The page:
Student walkout messaging points

February 28, 2018 ACSA Writer

ACSA is dedicated to providing administrators with expertise and content on the most relevant issues in the world of education, including student protests and school walkouts. The following content has been assembled by the Alameda County Office of Education. You can download or read the full version here.

Thank you to Fremont and SDCOE, who have already done some great work here providing message points for us all to share. We have attempted to pull together suggested message points from a variety of resources, in addition to responding to some of the issues posed in our meeting to provide a comprehensive source of communications options.

It is helpful at this point to look up your own district’s Board Policies on students rights’ to free expression/speech and to be prepared to refer to those as appropriate when communicating with your community.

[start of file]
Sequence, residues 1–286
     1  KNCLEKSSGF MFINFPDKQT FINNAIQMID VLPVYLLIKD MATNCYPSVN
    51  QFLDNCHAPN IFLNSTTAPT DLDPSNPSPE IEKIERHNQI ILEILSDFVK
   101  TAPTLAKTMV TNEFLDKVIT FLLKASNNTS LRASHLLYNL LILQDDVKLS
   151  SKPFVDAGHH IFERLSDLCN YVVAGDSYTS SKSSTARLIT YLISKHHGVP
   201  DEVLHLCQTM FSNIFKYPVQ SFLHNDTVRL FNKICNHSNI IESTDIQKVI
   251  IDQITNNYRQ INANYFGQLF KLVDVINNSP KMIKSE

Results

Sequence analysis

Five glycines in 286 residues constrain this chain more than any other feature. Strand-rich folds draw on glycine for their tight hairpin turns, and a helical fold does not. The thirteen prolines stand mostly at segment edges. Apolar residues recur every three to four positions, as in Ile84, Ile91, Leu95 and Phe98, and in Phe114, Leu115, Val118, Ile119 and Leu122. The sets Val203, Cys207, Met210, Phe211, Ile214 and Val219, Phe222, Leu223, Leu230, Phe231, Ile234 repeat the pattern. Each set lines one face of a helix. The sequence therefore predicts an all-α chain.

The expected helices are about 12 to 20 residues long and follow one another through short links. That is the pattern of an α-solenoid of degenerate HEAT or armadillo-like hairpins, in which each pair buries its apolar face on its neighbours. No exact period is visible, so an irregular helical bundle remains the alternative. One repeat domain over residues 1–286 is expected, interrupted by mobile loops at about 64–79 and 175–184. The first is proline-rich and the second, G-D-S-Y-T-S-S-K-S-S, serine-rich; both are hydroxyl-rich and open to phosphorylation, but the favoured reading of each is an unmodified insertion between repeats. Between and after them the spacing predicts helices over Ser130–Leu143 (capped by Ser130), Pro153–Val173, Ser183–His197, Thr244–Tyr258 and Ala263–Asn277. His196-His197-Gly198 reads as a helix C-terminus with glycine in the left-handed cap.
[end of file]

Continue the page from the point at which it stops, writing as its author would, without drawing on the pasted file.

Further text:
Superintendents, district leaders, and community

Potential messaging

In the wake of the school shooting in Parkland, Florida, parents, activists, and others have taken to social media to call for students and educators to participate in one or more school walkouts. Organizers say the walkouts are in protest of the lack of federal legislation to keep schools and communities safe from gun violence.

The Women's March organizers are encouraging "students, teachers and their allies to walk out of schools on March 14 to protest gun violence." Survivors of the Parkland shooting announced a March for Our Lives event planned for March 24. Another walkout is planned for April 20, which will mark the 19th year since the tragedy at Columbine High School.

It is also possible that our students will be participating in these events. It is also possible that spontaneous walkouts may occur as the local and national conversations evolve on this issue.